One of the key entities that are generated by international trade data are states 'themselves'. Data I use in several of my papers are from state based statistical agencies and collected by an international body: the United Nations Commission on Trade and Development (COMTRADE). In that data the fundamental units are 'territories', one cannot disaggregate to a more fine grained detail in such data. Most often, these territories in the COMTRADE data are states, but there are some non-state territories that are also interesting for how they flag up the 'state' as an arbitrary category by which to group data. A non-exhaustive list of examples of these other territorial groupings include "United States Minor Outlying Islands", "Other Asia nes (not elsewhere specified), "North Africa, nes", and "Occ. Palestinian Terr." (as in Occupied Palestinian Territories).

The inability to disaggregate such data into other scales, especially intra-territorial ones such as 'the urban' has major consequences for how we know e-waste via trade data. Much of the e-waste debate is couched in terms of so-called 'developed' countries dumping waste in 'developing' countries. As such the issue of e-waste is framed at the scale of international relations. A consequence of that framing and all the data collected at that scale is that we are blind to the growing rise of 'middle-class' consumers within 'developing' countries, particularly in urban centres, that can and do purchase new and used electronics domestically - and have been doing so for some time - before subsequently ridding themselves of them; we're also blind to the fact that such sites have major institutional users of electronics - banks, hospitals, government offices - that are important domestic sources of discarded electronics. So by framing the issue of e-waste in terms of international trade we partially format the phenomenon in such a way that is not necessarily the most relevant to it. For example, a recent multi-method study of e-waste in Ghana - site of the infamous Agbogbloshie 'dump' - found that more than half of electronic discards in the country are from domestic sources, not imports of e-waste (Amoyaw-Osei et al. 2011).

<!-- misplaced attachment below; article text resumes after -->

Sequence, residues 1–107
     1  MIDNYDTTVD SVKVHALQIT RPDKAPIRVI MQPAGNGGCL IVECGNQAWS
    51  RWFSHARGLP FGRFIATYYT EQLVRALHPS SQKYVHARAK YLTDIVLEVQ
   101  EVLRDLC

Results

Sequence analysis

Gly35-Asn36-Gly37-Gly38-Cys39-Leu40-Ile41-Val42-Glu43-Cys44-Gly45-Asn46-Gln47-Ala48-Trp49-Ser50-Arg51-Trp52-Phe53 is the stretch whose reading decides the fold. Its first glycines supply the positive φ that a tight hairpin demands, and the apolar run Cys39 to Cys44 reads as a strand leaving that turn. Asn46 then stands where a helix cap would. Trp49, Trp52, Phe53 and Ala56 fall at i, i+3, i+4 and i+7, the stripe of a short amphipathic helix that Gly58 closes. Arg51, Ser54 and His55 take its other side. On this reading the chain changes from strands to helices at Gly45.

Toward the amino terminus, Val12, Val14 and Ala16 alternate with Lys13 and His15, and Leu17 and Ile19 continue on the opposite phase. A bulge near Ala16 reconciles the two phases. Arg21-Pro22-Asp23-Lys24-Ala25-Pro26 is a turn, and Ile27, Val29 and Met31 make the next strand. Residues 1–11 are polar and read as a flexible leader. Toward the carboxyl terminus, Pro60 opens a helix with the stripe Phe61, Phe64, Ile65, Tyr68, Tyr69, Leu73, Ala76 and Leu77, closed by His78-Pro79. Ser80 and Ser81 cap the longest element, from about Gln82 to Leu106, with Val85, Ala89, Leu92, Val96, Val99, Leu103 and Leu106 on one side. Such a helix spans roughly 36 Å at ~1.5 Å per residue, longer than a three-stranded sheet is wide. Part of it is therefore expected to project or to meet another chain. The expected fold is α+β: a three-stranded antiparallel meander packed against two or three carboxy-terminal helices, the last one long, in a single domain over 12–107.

More generally, we can say that trade data, in its statistical grouping work, forces us to consider what statisticians refer to in technical language as the 'ecological fallacy'. This is the error of making inferences about individuals that belong to a statistical aggregate - like a state - and where the individuals in question happen to be states themselves that have been aggregated into groups like 'developed' and 'developing' countries and the like. The latter issue raises a second: the modifiable areal unit problem (or MAUP), which amounts to a form of geographical and statistical indeterminacy (there are others, see Kwan, 2012) in which one can arrive at different summary figures (such as totals, rates, or proportions) that change based on how the boundaries are drawn to define group membership. The problem is those boundary definitions are arbitrary and cannot help but be thus. While these two issues might seem confined to the arid realms of statistical arcana, versions of them play out directly in real laws and policies designed to institute trade restrictions on e-waste imports/exports between various territorial groupings such as 'developed' and 'developing' countries, Organization of Economic Co-Operation and Development (OECD) and non-OECD countries, or under the Basel Convention, Annex VII and non-Annex VII countries (see Lepawsky and McNabb, 2010; Lepawsky, 2012; Lepawsky, 2014).